Speaking of weird seasons

In Major League Baseball by andcounting34 Comments

Ron Cey was a Dodger than a Cub but always a Penguin
Ron Cey, one of 52ish World Series co-MVPs in what was, up until now, the weirdest season in MLB history

This was originally going to be a preachy post about how MLB owners are the ones who should be playing for the love of the game, since they’re the ones playing the sport we actually love most. (I’m going out on a limb assuming few of us actually play baseball but we all like to play baseball owner, arguing about what the rules should be, how the postseason should be structured, and constructing our ideal teams for hours on end.)

But then I realized most of our reader probably already leans pretty heavily in favor of the labor side of these negotiations, so I scrapped it.

This in-the-balance season just kind of hanging around waiting to be decided upon did get me to thinking about 1981, the year a strike interrupted the MLB season and ended up splitting it into two mini-seasons.

The strike nixed games after June 12 through the end of July, leaving the country baseball-less until an August 9 All Star Game and a 1981 Part Deux commencing August 10.

Much like this season, should it happen, is likely to do, that ushered in an extra round of playoffs that postseason. Disregarding the season totals, the leader in each division (each league had an East and West division at that point) as of June 12 faced the division leaders of the second half in an opening round.

As a result, the two NL teams with the best overall record in the 1981 season, the Reds and the Cardinals, both failed to make the playoffs. The Reds actually finished with the best record in baseball, finishing second in both half seasons (just a half game out of first behind the Dodgers who had won, and played, just one more game than the Redlegs).

So, it had been a few months. There’s your post, reader. See you in September.

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  1. Smokestack Lightning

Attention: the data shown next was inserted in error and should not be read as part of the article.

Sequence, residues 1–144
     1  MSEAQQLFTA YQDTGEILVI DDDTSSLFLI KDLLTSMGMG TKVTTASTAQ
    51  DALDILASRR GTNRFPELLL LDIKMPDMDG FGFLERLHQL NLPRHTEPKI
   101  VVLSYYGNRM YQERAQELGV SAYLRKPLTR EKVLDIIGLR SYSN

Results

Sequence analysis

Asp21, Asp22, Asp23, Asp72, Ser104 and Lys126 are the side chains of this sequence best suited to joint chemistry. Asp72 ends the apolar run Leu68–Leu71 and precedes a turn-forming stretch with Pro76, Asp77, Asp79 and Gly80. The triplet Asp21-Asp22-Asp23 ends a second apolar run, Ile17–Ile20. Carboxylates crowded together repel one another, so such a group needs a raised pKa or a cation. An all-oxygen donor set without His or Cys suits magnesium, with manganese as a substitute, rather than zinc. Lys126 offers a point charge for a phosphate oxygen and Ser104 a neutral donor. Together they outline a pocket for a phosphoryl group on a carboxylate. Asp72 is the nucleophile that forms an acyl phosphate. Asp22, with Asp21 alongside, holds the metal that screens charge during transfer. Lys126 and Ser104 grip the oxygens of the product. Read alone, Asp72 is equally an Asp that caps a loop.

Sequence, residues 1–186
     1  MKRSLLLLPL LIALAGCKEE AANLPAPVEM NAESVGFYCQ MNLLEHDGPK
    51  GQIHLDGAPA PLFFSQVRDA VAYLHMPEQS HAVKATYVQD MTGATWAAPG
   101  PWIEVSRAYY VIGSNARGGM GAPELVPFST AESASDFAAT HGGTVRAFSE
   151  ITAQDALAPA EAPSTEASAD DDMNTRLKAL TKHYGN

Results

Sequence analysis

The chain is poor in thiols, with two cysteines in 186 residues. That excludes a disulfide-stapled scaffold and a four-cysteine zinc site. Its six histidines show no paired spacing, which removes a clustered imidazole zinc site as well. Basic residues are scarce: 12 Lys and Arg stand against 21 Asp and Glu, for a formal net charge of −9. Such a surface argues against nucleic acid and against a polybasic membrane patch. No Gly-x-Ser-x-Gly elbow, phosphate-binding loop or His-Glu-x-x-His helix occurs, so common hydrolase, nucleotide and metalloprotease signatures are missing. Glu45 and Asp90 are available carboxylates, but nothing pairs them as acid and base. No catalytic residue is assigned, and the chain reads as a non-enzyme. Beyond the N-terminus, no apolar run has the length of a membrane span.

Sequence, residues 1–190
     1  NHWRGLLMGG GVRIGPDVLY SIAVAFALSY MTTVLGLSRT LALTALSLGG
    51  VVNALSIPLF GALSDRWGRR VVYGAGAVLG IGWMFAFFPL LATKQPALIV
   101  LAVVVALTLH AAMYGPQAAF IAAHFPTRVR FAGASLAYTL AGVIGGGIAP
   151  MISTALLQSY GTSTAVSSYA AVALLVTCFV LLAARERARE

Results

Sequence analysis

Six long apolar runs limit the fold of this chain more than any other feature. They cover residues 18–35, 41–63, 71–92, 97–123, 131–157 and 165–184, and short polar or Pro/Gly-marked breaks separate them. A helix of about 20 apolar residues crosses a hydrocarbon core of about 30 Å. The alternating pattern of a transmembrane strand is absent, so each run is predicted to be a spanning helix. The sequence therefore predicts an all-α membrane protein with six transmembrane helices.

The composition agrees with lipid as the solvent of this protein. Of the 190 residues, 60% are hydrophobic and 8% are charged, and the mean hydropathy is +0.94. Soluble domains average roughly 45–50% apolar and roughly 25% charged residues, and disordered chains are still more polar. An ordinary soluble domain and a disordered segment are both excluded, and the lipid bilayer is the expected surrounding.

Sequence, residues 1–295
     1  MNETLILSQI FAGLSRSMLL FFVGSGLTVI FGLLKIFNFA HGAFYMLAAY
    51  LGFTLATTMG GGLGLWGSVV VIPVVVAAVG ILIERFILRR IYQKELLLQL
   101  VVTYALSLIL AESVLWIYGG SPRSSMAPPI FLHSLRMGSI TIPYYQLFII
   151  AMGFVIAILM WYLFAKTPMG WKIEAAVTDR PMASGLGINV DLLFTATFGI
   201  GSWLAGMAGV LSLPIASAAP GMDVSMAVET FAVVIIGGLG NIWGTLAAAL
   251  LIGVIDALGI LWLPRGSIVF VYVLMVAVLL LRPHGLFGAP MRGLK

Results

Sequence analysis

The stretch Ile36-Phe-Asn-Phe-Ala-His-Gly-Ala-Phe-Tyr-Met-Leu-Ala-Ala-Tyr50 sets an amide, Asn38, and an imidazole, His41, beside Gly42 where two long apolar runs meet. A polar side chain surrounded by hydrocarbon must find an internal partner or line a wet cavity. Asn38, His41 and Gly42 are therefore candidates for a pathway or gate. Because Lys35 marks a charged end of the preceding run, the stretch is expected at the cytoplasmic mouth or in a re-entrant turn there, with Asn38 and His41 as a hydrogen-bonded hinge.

I feel uncomfortable posting in this thread. I’m going back to the other one, where things still make sense.

    Prove me wrong.

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  2. Author
    andcounting

    berselius,

    There’s no way they go back if they do that. Which would be great. I just don’t see the union agreeing to doing away with 15 starting jobs in the next CBA.

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  3. berselius

    andcounting:
    I mean, for real, we may never see pitchers bat again.

    If Mike Matheny ever gets another managing gig, he’d probably find a way to lose his DH about once a month and be forced to have a pitcher hit.

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  4. berselius

    andcounting,

    Dusty’s managing the Astros now, so I expect to see Verlander throw a 145 pitch outing and cap it off by batting for himself down whatever passes for ‘the stretch’ this season.

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  5. BVS

    most of our reader probably already leans pretty heavily in favor of the labor side of these negotiations

    Sign me up.

    On DH it depends on the rules.
    12th Inning runner on 2nd? Yuck, rather kiss my sister.

    But after last year’s post-season, I’m 100% on board with robot umps. You can teach old dogs new tricks, but not old umps.

    Funny that the whole negotiation hasn’t touched on umps yet. In a small miracke, imagine that MLB and the union agree to something on Thursday and then umps say, “Hold on, we’re pretty much all high risk. Forget that. ”